38. ^ "J. P. Morgan Home, 219 Madison Avenue". Digital Culture of Metropolitan New York. Digital Culture of Metropolitan New York is a service of the Metropolitan New York Library Council. Retrieved March 15, 2015. 
  39. ^ Chernow (2001) Chapter 4.
  40. ^ Business Education World, Vol. 42. Gregg Publishing Company. 1961. p. 32. 
  41. ^ Chernow (2001) Chapter 8.
  42. ^ Daugherty, Greg (March 2012). "Seven Famous People who missed the Titianic". Smithsonian Magazine. Retrieved November 15, 2012. 
  43. ^ Auchincloss (1990).
  44. ^ Morgan and His Gem Collection; George Frederick Kunz: Gems and Precious Stones of North America, New York, 1890, accessed online February 20, 2007.
  45. ^ Morgan and His Gem Collections; donations to AMNH; in George Frederick Kunz: History of Gems Found in North Carolina, Raleigh, 1907, accessed online February 20, 2007.
  46. ^ "Biography". Edward S. Curtis. Seattle: Flury & Company. p. 4. Retrieved August 7, 2012. 
  47. ^ "The North American Indian". 
  48. ^ "The Indian Picture Opera—A Vanishing Race". 
  49. ^ Modern Marvels episode "The Stock Exchange" originally aired on October 12, 1997.
  50. ^ Cedar Hill Cemetery, John Pierpont Morgan
  51. ^ Chernow (2001) ch 8.
  52. ^ Morganite, International Colored Gemstone Association, accessed online January 22, 2007.
  53. ^ "National Register Information System". National Register of Historic Places. National Park Service. 2009-03-13. 
  54. ^ Carr, Caleb (1994). The Alienist. Random House. 
  55. ^ Drachman, Steven S. (2011). The Ghosts of Watt O'Hugh. pp. 2, 17–28, 33–34, 70–81, 151–159, 195. ISBN 9780578085906. 
  56. ^ "Citizen Kane (1941)". May 1, 1941. Retrieved April 7, 2013. 
  57. ^
  58. ^ Turpin, Zachary. "Interview: Phil Orbanes, Monopoly Expert (Part Two)". Book of Odds. Retrieved February 20, 2012. 
  59. ^ The Men Who Built America; series;; accessed December 5, 2012]

Further reading


Specialized studies

  • Brandeis, Louis D. Other People's Money and How the Bankers Use It. Ed. Melvin I. Urofsky. (1995). ISBN 0-312-10314-X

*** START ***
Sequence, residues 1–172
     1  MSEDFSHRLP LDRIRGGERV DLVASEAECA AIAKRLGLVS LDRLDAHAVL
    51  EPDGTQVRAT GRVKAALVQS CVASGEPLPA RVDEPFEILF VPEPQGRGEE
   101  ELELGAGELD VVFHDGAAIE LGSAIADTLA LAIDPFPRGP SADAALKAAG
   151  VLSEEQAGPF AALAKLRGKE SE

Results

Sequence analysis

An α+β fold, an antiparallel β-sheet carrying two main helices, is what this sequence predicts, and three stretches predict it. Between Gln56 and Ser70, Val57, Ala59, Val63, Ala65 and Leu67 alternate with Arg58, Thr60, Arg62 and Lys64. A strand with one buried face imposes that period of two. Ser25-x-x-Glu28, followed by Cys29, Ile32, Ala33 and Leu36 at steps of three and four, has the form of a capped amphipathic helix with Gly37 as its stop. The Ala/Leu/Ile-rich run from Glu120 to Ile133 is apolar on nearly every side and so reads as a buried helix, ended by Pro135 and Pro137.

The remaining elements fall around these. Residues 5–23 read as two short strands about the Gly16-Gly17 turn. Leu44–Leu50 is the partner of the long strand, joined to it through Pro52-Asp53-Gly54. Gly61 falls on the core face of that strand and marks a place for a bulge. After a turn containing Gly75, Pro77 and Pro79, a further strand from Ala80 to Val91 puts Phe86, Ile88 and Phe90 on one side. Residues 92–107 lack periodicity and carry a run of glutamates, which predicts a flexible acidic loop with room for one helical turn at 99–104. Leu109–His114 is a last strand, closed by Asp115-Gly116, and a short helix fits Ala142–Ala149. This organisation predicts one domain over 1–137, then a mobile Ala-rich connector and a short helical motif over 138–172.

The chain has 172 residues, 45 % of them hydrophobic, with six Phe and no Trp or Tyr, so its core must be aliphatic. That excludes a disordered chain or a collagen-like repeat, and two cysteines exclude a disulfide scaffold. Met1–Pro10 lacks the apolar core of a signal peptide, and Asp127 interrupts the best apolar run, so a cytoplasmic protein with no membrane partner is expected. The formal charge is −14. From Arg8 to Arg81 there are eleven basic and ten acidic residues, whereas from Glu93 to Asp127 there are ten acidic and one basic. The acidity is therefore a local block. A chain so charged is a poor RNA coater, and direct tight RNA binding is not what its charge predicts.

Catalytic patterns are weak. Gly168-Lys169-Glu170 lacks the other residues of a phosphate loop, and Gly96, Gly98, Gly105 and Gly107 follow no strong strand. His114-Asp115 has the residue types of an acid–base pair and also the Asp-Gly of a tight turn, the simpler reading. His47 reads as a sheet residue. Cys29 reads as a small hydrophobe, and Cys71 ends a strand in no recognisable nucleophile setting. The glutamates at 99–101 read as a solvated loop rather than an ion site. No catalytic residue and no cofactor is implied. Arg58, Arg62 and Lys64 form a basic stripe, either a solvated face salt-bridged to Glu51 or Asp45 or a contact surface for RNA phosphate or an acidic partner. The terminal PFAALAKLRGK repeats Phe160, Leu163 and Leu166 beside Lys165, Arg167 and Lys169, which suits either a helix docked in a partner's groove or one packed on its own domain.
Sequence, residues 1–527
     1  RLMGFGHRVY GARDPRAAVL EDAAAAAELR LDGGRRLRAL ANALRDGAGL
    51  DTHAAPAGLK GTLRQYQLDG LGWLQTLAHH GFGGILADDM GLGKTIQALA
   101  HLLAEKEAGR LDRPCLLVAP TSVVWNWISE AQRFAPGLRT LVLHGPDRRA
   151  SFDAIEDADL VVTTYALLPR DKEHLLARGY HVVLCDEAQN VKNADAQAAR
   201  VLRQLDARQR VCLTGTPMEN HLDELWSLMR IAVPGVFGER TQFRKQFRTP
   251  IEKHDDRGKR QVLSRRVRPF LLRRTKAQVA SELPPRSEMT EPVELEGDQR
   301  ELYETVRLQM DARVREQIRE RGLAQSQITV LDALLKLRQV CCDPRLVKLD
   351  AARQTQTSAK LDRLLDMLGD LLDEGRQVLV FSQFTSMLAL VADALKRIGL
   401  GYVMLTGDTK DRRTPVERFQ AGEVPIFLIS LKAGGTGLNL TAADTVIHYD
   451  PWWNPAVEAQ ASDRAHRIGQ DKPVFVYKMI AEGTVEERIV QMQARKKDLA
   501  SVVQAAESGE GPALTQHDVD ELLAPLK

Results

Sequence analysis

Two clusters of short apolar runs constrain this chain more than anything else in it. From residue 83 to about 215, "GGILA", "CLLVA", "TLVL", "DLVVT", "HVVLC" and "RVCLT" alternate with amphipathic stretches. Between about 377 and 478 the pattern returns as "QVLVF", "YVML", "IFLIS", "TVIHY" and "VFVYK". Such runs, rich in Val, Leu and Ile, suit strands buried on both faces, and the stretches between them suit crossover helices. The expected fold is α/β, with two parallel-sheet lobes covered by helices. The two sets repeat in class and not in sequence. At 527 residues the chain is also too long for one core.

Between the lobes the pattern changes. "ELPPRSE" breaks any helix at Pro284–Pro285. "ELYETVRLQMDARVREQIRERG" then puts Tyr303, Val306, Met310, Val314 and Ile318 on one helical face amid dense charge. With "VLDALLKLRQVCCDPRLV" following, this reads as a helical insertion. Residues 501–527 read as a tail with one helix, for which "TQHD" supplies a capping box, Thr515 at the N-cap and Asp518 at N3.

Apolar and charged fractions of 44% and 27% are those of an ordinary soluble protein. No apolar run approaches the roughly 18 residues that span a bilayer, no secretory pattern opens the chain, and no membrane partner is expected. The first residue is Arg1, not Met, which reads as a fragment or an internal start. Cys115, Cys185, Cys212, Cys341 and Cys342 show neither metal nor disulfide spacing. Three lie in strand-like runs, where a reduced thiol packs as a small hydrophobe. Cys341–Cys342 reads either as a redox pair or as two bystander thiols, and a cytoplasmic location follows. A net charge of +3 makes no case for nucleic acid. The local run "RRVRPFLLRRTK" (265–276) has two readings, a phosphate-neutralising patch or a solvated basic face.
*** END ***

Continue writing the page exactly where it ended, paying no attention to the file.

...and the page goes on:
• Carosso, Vincent P. Investment Banking in America: A History Harvard University Press (1970)
  • De Long, Bradford. "Did JP Morgan's Men Add Value?: An Economist's Perspective on Financial Capitalism," in Peter Temin, ed., Inside the Business Enterprise: Historical Perspectives on the Use of Information (1991) pp. 205–36; shows firms with a Morgan partner on their board had higher stock prices (relative to book value) than their competitors
  • Forbes, John Douglas. J. P. Morgan, Jr., 1867–1943 (1981). 262 pp. biography of his son
  • Fraser, Steve. Every Man a Speculator: A History of Wall Street in American Life HarperCollins (2005)
  • Garraty, John A. Right-Hand Man: The Life of George W. Perkins. (1960) ISBN 978-0-313-20186-8; Perkins was a top aide 1900–1910
  • Garraty, John A. "The United States Steel Corporation Versus Labor: The Early Years," Labor History 1960 1(1): 3–38
  • Geisst; Charles R. Wall Street: A History from Its Beginnings to the Fall of Enron. Oxford University Press. 2004.
  • Giedeman, Daniel C. "J. P. Morgan, the Clayton Antitrust Act, and Industrial Finance-Constraints in the Early Twentieth Century", Essays in Economic and Business History, 2004 22: 111–126
  • Hannah, Leslie. "J. P. Morgan in London and New York before 1914," Business History Review 85 (Spring 2011) 113–50
  • Keys, C.M. (January 1908). "The Builders I: The House of Morgan". The World's Work 15 (2): 9779–9704. Retrieved July 10, 2009. 
  • Moody, John. The Masters of Capital: A Chronicle of Wall Street (1921)
  • Rottenberg, Dan. The Man Who Made Wall Street. University Of Pennsylvania Press.

External links

Cultural offices
Preceded by
Frederick W. Rhinelander
President of the Metropolitan Museum of Art

Succeeded by
Robert W. De Forest